Accordingly, the invention provides for intervention in the driver assistance system, carefully incorporated possibilities in the natural and intuitive actions and reactions of the driver. By using an input coupling unit for the input of the additional acceleration that can be predefined by the driver of the vehicle, the driver is enabled, by virtue of the superimposed control, to feed additional acceleration requirements into the speed control system. With this regulation concept, the requirements of the driver and the requirements of the system are processed to obtain a total acceleration and integrated in the control. Due to this procedure, the operating mode changes, so that the driver now drives in association with the system. As a result, the driver need not switch off the system so frequently. The driver can override the system in certain situations (through the additional acceleration demands) without switching it off. As soon as the driving situation is handled, then the driver withdraws (ends his additional demand) and the system takes over again the complete control automatically. The driver thus actively participates in the process of control and is thus “in the loop.”

Hence, according to the invention, the degree of automation, for example, the ACC function, is reduced in such a manner that the driver can modify the setpoint acceleration or the setpoint retardation (=negative setpoint acceleration) of the vehicle specified by the ACC control by use of a suitable operator control element such that with it, the driving as desired by him (desired acceleration and deceleration) that deviates that by the ACC system, which is possibly based on his assessment of the driving situation that deviates from that of the ACC system, can inform the acceleration controller provided in the ACC system without leading to an interruption of the ACC function.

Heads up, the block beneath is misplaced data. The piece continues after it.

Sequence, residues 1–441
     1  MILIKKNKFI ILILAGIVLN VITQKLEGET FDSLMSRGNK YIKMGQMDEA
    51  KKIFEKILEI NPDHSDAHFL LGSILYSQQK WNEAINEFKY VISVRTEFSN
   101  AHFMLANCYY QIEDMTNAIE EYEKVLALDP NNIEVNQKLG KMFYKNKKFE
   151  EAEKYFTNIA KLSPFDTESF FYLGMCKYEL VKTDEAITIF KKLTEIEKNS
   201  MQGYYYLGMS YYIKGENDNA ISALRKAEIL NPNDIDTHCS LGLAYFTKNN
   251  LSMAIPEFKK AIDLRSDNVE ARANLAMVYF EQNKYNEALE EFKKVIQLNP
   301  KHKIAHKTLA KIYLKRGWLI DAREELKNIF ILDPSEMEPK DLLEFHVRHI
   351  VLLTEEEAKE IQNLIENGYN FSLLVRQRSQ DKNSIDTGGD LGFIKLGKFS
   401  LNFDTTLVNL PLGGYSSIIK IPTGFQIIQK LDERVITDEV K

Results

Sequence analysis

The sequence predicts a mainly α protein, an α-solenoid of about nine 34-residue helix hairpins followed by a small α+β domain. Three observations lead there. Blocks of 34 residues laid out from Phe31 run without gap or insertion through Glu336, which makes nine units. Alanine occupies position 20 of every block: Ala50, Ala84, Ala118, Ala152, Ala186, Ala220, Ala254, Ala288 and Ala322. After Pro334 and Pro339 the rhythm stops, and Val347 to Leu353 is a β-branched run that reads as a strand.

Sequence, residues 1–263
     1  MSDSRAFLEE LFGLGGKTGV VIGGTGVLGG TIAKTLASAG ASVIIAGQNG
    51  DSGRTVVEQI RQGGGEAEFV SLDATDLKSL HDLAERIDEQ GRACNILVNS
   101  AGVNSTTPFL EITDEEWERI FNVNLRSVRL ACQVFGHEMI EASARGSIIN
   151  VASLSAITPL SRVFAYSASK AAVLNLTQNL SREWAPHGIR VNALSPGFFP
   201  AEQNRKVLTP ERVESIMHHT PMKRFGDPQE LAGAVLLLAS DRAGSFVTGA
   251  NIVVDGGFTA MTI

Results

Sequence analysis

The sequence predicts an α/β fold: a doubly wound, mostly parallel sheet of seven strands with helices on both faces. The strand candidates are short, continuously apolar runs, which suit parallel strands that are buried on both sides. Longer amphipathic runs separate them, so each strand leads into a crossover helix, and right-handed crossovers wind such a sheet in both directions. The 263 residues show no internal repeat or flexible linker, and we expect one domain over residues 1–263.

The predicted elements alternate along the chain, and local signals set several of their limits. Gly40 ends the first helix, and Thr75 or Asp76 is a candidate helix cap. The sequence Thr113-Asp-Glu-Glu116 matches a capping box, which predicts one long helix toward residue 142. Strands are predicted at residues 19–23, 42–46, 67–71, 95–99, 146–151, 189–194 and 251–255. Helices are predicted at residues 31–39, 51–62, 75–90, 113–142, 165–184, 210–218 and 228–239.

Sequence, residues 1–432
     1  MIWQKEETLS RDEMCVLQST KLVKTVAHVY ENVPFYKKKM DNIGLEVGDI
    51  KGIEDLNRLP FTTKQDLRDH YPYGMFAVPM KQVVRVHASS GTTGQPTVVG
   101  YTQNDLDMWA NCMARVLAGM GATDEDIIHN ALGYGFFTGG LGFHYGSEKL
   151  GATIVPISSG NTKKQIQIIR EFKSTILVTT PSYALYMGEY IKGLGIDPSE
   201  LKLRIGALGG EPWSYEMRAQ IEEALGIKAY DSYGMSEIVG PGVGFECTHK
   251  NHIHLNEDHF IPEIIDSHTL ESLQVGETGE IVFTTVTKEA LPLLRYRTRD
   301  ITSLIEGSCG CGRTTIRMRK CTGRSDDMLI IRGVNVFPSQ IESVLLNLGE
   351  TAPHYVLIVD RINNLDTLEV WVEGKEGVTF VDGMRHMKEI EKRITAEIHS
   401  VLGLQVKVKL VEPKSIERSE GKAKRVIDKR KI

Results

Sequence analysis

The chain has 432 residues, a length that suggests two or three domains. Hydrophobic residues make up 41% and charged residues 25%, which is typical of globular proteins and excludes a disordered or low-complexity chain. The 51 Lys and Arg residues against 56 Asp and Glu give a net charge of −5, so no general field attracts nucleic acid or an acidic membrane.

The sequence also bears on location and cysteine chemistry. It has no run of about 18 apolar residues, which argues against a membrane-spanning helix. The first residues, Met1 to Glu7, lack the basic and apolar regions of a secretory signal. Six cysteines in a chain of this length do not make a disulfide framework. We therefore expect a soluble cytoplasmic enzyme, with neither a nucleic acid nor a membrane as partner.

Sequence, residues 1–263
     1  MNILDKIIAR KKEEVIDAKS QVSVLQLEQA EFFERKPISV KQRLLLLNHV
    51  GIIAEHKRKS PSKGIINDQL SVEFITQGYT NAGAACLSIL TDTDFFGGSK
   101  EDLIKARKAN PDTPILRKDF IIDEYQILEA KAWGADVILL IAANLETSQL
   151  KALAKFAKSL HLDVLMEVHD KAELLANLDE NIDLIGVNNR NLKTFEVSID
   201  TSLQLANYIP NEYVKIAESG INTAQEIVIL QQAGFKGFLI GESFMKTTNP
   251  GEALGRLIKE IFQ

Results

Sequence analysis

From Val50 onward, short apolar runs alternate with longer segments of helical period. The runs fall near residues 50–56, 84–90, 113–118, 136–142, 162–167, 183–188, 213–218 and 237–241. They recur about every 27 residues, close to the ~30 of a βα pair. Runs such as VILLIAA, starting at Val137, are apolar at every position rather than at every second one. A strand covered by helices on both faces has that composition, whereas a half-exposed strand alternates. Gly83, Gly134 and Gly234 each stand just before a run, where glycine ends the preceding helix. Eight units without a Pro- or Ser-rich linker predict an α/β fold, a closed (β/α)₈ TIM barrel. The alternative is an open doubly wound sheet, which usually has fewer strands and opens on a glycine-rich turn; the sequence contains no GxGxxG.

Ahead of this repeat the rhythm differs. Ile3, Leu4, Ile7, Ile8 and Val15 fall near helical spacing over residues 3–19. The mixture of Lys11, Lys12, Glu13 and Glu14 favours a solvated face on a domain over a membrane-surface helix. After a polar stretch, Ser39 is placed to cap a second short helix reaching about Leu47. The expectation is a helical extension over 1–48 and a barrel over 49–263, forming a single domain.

An adjustment mechanism of that type for the superimposition of the driver input on a setpoint acceleration or a setpoint deceleration, deviating from that of the system input, can be present as a manually operated element with a defined null position and a continuously accessible positive and a negative adjustment range. This operating element is, preferably, arranged within the accessible reach of the driver, for example in the vicinity of the gear selection stick, in a multifunction steering wheel, in the form of a steering control arm, etc. The operating element is preferably selected in a manner consistent with the driver expectations, so that intuitive driver reactions for accelerations and retardation are enabled as far as possible, for example in case of a horizontal arrangement of the operating element, the following operating mechanisms can be suitable: forward=increase system acceleration, backward=decrease system acceleration.

Due to these values generated by the driver by way of the operating element, the setpoint acceleration generated by the system is modified so that the effect of the system is continuously weakened and the effect of the driver operation is strengthened. The characteristics of the controlling engagement of the operating element can be designed arbitrarily, with a linear, progressive, degressive, symmetrical, asymmetrical and/or with a characteristic time response, in order to fulfill the requirements related to scalability, vehicle reaction, dynamic experience, optimal driver-vehicle control loop performance, etc.

Further, this problem is solved according to invention with a method for the control of the acceleration of the vehicle according to the setpoint acceleration by using a controller, in which an integration of the additional acceleration that can be prespecified by the driver of the vehicle manually takes place.